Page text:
A conventional programme – overture, concert, symphony – proved once again that the art of restraint and the ability to balance opposite tendencies are true keys to successful interpretations. It’s easy to go for a loud and rousing version of Wagner’s Rienzi Overture, but that’s not what the very talented Edward Gardner had in mind in this Edinburgh International Festival concert with his Bergen Philharmonic Orchestra. He emphasized instead the tensions between brass and strings that permeate this music, from the initial expanding and fading, long-held trumpet note to the marching finale. He accentuated the timbral variations, the narcotic intensity shared with later Wagnerian opuses, keeping a balance between the brazenness of certain moments and the intimate character of others. Gardner tried to convey, despite the prescribed speed in its overture rendition, the eloquence and majesty of the main theme melody, drawn from Rienzi’s fifth act prayer.

Members of the Bergen Philharmonic © Oddleiv Apneseth
Members of the Bergen Philharmonic
© Oddleiv Apneseth

The music of Edvard Grieg, Bergen’s most famous son, obviously has a special place in the orchestra’s repertoire. In fact, the composer was one of its artistic directors between 1880 and 1882. Instead of trying to shed light on some lesser known Grieg works, two warhorses were selected: In the Hall of the Mountain King, that they played with dazzling speed as an encore, and the similarly famous Piano Concerto in A minor. The invited soloist was Paul Lewis, always a felicitous choice. One of the greatest interpreters of Beethoven and Schubert among pianists active today, Lewis approached Grieg’s unabashed Romanticism with his characteristic probing modesty, looking for variations in nuance, color and weight rather than grand statements. Running octaves where exquisitely played but that’s not where the interpreter’s focus was. He succeeded in maintaining a close to ideal balance between clarity and volatility, power and intimacy. Initially, there were some differences between pianist and conductor in terms of tempo but an accord was reached relatively quickly. The presumed reminiscences of a Scandinavian midsummer night in the Adagio were rendered with remarkable delicacy by both pianist and orchestra. Lewis left the impression that he was looking for an interpretative solution instead of bringing forward something already written in stone.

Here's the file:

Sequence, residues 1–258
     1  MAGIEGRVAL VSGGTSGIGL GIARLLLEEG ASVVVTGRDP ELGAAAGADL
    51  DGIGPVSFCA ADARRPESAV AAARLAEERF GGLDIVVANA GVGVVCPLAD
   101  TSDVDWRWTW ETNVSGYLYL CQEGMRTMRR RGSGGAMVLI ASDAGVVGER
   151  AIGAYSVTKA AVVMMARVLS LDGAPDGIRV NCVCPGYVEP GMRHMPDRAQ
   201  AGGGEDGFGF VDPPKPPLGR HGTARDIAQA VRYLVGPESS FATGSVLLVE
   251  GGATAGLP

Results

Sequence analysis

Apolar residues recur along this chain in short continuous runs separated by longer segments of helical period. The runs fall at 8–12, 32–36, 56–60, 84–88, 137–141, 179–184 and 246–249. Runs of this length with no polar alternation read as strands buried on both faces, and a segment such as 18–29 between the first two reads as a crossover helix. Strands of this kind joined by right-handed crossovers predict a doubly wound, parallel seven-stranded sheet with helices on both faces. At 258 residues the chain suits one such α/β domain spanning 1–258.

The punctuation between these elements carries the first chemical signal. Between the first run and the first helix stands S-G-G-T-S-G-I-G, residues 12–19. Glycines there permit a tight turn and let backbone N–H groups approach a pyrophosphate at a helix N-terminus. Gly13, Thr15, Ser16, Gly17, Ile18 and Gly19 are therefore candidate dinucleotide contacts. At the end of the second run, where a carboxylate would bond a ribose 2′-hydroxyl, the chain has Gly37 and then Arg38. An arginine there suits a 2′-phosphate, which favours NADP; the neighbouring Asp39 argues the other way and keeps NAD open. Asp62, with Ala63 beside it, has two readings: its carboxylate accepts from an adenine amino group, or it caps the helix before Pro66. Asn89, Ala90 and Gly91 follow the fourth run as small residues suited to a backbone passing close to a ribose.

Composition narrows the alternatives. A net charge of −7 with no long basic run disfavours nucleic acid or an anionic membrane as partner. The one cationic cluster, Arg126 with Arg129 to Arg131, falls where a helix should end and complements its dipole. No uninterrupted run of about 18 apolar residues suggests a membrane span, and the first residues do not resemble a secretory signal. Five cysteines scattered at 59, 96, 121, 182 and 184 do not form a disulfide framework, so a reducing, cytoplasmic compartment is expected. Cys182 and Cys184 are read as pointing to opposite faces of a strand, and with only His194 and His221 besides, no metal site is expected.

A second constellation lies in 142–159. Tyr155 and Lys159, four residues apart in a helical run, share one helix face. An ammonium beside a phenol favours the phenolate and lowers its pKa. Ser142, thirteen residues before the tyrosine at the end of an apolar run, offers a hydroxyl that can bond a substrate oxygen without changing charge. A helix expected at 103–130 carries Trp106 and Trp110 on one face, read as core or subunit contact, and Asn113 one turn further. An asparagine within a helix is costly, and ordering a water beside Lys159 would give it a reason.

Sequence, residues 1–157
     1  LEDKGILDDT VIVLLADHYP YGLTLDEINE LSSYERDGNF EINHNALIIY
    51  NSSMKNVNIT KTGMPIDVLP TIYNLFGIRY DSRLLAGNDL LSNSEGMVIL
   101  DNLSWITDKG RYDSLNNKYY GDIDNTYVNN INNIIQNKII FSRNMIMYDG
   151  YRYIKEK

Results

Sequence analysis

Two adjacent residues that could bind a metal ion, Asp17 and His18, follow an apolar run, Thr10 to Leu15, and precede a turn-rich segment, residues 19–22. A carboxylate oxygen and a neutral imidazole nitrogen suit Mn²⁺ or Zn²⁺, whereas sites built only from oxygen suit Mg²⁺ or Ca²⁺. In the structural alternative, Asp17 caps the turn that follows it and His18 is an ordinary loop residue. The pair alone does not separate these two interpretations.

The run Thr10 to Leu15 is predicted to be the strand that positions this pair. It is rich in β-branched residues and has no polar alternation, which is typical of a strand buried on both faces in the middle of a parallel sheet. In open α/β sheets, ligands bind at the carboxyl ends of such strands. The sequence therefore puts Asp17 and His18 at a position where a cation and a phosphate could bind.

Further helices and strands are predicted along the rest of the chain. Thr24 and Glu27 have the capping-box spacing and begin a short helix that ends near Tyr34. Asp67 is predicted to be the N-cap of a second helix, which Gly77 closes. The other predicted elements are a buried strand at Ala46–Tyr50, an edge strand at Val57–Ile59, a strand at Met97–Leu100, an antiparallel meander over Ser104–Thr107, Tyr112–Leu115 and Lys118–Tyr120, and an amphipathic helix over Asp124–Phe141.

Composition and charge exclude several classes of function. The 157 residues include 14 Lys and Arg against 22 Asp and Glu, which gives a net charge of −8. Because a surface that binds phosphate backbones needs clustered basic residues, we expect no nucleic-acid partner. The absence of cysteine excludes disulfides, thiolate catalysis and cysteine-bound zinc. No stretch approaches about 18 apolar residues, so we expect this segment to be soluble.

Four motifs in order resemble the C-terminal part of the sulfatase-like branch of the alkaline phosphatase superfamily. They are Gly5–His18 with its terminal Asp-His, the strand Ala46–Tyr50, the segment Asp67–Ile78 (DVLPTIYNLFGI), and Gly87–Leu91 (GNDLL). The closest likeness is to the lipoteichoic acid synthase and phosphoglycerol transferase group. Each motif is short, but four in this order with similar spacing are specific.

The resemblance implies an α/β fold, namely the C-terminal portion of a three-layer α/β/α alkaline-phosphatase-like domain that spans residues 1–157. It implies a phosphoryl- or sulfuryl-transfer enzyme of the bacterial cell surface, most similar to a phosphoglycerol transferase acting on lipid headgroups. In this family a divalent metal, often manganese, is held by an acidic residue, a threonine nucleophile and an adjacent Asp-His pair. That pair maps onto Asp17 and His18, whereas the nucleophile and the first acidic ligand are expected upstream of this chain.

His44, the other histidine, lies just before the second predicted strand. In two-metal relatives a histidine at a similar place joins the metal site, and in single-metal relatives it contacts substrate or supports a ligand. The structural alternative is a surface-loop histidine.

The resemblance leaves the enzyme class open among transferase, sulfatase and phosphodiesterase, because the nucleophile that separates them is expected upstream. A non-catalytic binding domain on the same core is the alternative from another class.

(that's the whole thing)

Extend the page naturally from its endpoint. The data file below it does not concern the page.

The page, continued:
The members of the Bergen Philharmonic, one of the oldest European orchestras, celebrating its 250th birthday in 2015, proved what they are capable of achieving in Elgar’s Symphony no. 1 in A flat minor. The earthy quality of the string playing, the way the musicians approached a complex score from a chamber musicians’ point of view, the overall perceived spontaneity of their interpretation were truly remarkable.

Conducting from memory and intensely living every second on the podium, Gardner didn’t shy away from showcasing the many influences spread through the score, but he made sure to preserve the indelible wholeness of the work. He firmly anchored Elgar’s opus not only in the post-Wagnerian Romanticism but also anxious world of pre-Great War Europe. What Elgar referred to as “a great charity and a massive hope in the future” was discernible but tempered by doubts. Gardner underlined the wealth of telling details in Elgar’s wonderful scoring, carefully balancing leading and secondary voices in the dense musical tapestry. The almost Mahlerian shifts in mood, the alternations between hope and resignation, between adrenaline-pumping sequences and nostalgic ones were wonderfully rendered. There were several outstanding moments: the gradual winding-down into the slow movement; the restless vagaries in the first movement; the delicacy of the Trio counterbalancing the confidence displayed in the Scherzo; the different shades in which the “ideal call” from the beginning is rendered throughout the symphony.

It’s a pity that such marvelously intense music is heard so rarely outside the British Isles.

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